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Ramesh S. Arunachalam, 2011: The Journey of Indian Micro-Finance: Lessons for the Future. Chennai: Aapti Publications.

The microfinance crisis in India which broke out in fall 2010, first imperiling numerous borrowers and then an entire industry, is the most fundamental event in the world of microfinance since the Nobel Peace Prize in 2006. In hindsight, it may even turn out to be the defining moment of microfinance history – never before has the dark side of microfinance, and the vulnerability of the industry, been so brutally exposed to a global audience.

Naturally, these events have attracted a host of opinions and analyses ranging from simply blaming the Andhra government for bringing down a healthy microfinance industry, to accusing microfinance of having become worse than loan sharks. And yet, so far, we understand very little of why India’s vast microfinance sector went so far astray. Thankfully, people like Ramesh S. Arunachalam are out to change this.

Arunachalam has earned the respect of many a reader (me too) with his candid and incredibly well-researched blogging on the Indian microfinance sector. He posts prolifically, but despite (or perhaps because of) his over 20 years of work experience in development and rural finance, he has otherwise kept a low profile. He is not an outspoken critic.

Now Ramesh Arunachalam has applied his sharp analytical approach and evident knack for writing to publishing the first book about the Indian microfinance crisis. The result is a meticulous, evidence-based piece of research which brings clarity into what so far has mostly been an interest-driven and polemical battle of explanations.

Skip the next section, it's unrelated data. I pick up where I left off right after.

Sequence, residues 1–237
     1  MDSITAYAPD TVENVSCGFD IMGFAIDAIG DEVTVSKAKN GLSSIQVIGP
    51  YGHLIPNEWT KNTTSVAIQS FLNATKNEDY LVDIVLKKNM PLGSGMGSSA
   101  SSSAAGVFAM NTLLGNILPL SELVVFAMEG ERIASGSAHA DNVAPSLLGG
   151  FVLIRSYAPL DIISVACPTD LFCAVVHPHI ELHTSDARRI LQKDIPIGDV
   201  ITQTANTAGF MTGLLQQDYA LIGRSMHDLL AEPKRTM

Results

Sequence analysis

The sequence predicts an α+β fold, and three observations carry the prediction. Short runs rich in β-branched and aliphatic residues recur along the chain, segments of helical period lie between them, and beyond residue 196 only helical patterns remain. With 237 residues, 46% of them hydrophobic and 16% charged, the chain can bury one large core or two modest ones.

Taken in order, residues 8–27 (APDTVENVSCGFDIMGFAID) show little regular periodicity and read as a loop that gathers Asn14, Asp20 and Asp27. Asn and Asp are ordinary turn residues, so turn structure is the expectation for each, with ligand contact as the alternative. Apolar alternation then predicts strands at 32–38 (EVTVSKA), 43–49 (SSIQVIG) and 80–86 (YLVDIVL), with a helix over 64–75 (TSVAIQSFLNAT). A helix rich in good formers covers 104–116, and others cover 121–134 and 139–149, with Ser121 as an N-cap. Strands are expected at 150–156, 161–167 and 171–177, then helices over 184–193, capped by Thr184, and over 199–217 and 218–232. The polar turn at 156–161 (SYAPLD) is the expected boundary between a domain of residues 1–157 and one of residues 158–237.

In some ways what Arunachalam has produced is, in fact, more than a book; it is a dossier of evidence and analysis of how the Indian microfinance sector functions at the deepest levels, and where its errors lie. It is a biography of an industry in identity crisis, and also a handbook on how Indian microfinance might (perhaps) still be saved. Above all, as the book’s (wonderfully illustrative) cover implies, it is a search for the Faustian, troubled soul of Indian microfinance. Read the rest of this entry »

Few documentaries in the past years can claim to have had as much impact on transnational development as The Micro Debt. Tom Heinemann‘s documentary film, produced for Norwegian public broadcasting, has contributed to a wave of critical reasoning about microfinance, but also to the axing of Grameen Bank’s founder, Muhammad Yunus. While Heinemann wasn’t out to harm Yunus, the documentary’s fallout (as well as the Indian microfinance crisis) was an opportunity for politicians in Bangladesh to remove a weakened Yunus from office.

All in all, The Micro Debt doesn’t shed a good light onto microfinance, and in return has come under fire from the microfinance community, an epistemic community which doesn’t take criticism well. Grameen Foundation in particular has mounted an organised attack on Heinemann and his film, engaging PR firm Burson-Marsteller to disseminate counter-claims and draw into question the film’s integrity. But The Micro Debt is becoming increasingly difficult to ignore or deny. It won in the “Television” category at the Avanca Film Festival in Portugal earlier this year, and may win more awards at the various other festivals internationally where it has been nominated. And it’s going on tour in the USA and Canada this month (see below).